‘The Green Knight’ Journeys Into a Hallucinatory Fable That Lingers Like a Dream

We grow up hearing fairy tales and myths as distant, magical happenings in places too fantastical to contemplate. “The Green Knight” feels so vivid and real you can almost smell the dew of its forests. Director David Lowery has taken the 14th century English poem, “Sir Gawain and the Green Knight,” and “adapted” it into something wonderfully strange. Lowery belongs to a current generation of directors who want to channel a mood based on visual poetics. Their work tends to be more about atmosphere than even the plot itself. Lowery certainly achieves an enrapturing rhythm with “The Green Knight,” but the subtext is just as rich. One could easily sit back and enjoy the texture of this film, but like many symbols or religious icons, there are worthy secrets beneath the images. 

The tale begins on Christmas as King Arthur (Sean Harris) and Queen Guinevere (Kate Dickie) throw a merry banquet with their knights sitting around the famous round table. Sitting by the king is his nephew, Sir Gawain (Dev Patel). After Arthur makes a grand speech, the proceedings are interrupted when the hall’s vast doors open and a strange figure appears, the Green Knight (Ralph Ineson), whose physique looks like a man carved out of a tree. The Knight makes a proposition to the other sword-wielders in attendance. He will let one of them face him and strike him down, but in a year that same man must then let the Knight deliver an equal blow. Full of gusto and the desire to be known, Gawain steps up to the challenge and promptly beheads the Green Knight. But the visitor is far from dead. He picks up his head and rides away laughing. A year later Gaiwan has achieved local fame. Even puppet shows celebrate his exploits. He gets free pints and has a devoted (and much sharper) peasant lover (Alicia Vikander), but he knows what’s approaching. Once winter arrives, Gawain decides that to preserve his honor, he must venture out to find the Green Chapel where the Knight resides, and meet his fate.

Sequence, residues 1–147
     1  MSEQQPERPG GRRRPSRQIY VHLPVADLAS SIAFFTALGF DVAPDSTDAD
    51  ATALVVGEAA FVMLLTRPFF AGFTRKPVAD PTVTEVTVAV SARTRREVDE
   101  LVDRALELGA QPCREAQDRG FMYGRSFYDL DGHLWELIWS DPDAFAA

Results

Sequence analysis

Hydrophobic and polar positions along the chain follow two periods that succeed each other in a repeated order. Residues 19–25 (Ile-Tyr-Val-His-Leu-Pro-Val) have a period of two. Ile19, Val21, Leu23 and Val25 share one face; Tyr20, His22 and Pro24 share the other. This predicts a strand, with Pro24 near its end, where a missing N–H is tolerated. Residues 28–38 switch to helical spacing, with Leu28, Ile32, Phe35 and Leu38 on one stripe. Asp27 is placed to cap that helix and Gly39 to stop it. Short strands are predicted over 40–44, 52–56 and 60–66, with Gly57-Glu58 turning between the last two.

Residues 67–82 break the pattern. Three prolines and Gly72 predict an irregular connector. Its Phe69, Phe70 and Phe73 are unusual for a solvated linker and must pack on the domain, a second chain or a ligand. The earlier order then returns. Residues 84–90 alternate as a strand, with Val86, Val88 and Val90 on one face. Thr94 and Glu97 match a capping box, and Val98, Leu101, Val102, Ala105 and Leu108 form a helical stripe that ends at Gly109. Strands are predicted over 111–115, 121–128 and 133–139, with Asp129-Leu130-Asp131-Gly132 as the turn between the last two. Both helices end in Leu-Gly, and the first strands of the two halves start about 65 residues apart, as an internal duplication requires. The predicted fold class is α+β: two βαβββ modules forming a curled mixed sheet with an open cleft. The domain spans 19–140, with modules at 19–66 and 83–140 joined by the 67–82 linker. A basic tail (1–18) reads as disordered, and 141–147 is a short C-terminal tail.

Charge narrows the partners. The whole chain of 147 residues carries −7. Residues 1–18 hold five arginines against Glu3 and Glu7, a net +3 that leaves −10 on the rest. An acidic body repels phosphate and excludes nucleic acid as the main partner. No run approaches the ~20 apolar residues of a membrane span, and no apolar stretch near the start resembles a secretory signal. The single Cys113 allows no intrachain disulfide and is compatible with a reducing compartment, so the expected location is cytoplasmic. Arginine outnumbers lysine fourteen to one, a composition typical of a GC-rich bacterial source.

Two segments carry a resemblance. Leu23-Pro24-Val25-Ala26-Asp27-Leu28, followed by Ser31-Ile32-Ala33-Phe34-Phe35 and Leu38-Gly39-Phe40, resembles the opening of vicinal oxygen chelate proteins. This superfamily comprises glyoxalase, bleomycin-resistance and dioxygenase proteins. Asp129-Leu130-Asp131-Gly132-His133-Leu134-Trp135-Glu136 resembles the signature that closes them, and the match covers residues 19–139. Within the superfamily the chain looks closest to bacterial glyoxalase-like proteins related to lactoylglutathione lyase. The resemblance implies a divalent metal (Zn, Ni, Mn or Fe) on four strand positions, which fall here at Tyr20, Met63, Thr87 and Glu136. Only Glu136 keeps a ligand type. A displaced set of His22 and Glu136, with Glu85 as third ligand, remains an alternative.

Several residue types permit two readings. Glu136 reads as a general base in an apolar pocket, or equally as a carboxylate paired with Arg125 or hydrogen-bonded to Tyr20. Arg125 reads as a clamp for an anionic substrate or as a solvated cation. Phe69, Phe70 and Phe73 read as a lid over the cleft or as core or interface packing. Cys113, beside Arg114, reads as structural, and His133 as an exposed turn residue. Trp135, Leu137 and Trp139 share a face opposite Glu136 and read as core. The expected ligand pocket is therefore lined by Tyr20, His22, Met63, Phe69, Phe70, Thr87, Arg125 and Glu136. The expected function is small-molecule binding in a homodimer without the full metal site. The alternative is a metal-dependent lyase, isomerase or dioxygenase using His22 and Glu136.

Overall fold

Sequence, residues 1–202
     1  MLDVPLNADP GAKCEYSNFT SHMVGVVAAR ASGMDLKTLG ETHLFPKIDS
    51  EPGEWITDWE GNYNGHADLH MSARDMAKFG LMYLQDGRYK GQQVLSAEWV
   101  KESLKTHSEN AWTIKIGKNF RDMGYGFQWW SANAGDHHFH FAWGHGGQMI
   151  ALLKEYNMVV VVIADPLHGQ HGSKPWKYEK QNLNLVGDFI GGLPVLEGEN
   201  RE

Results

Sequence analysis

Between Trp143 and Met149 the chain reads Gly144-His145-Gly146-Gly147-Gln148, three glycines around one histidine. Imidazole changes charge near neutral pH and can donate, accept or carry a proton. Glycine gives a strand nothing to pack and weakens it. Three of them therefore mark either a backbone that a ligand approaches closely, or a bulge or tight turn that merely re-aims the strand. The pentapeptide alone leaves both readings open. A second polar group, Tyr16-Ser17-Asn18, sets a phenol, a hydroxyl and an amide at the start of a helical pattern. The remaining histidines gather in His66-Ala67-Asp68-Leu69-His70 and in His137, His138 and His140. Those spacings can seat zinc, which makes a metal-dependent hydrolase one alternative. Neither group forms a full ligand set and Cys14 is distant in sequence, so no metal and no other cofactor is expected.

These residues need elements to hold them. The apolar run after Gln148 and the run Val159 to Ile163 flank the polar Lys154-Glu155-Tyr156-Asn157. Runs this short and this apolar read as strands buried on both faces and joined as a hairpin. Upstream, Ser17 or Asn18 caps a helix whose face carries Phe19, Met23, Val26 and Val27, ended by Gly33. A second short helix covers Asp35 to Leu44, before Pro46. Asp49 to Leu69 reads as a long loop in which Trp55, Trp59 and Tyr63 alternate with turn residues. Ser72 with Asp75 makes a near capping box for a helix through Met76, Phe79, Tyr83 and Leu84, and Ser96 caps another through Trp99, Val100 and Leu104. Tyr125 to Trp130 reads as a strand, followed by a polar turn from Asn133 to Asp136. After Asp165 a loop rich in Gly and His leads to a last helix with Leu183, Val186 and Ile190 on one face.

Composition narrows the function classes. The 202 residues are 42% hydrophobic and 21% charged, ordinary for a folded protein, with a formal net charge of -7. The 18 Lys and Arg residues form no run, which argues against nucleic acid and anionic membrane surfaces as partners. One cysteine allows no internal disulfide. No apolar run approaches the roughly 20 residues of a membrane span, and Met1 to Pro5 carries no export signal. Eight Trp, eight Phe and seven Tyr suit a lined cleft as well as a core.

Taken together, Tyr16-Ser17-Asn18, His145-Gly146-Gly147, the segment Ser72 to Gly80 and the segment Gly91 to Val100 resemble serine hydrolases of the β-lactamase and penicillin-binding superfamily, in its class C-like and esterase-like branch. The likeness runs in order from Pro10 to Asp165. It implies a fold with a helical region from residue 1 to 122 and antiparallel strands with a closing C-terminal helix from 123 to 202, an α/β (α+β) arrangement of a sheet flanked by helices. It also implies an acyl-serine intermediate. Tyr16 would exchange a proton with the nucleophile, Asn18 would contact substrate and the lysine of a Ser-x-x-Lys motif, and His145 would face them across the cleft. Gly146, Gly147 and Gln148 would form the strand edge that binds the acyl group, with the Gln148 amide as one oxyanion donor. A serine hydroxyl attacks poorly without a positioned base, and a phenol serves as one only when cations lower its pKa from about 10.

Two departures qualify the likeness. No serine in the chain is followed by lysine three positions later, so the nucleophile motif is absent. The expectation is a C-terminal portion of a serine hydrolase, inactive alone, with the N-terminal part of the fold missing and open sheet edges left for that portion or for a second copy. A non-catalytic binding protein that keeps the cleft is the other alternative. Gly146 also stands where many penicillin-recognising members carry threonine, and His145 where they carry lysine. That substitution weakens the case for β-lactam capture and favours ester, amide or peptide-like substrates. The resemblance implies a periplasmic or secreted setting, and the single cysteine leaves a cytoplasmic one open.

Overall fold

What Lowery has made with “The Green Knight” is a unique hybrid. This film is part folklore and part cinematic hallucination. His screenplay has an acute sense of how folktales function as outgrowths of culture and deeper human questions. Some purists might take issue with the way he takes license with the source material, such as making Arthur and Guinevere older (the author of the poem remains unknown to historians, anyway). Yet this is how folktales work, they get passed down for generations with new tweaks being added all the time. A filmmaker’s job is to find the movie hidden inside the text. Lowery finds an entire world to build, but inspired by history. Unlike some earlier, though excellent, takes on Arthurian legend, such as “Excalibur” and the 1998 miniseries “Merlin.” Lowery doesn’t aim to make it all look fantastical or unreal. Cinematographer Andrew Droz Palermo frames shots like medieval tapestries or portraits, but with light that suggests a world lit only by fire. This is not a comfortable existence, where even a king like Arthur can only bemoan that he has a toothache, while twitching the tooth with a crack in the sound design. Small details like a public puppet play about Gawain and the Green Knight add to the sense we’re back in time.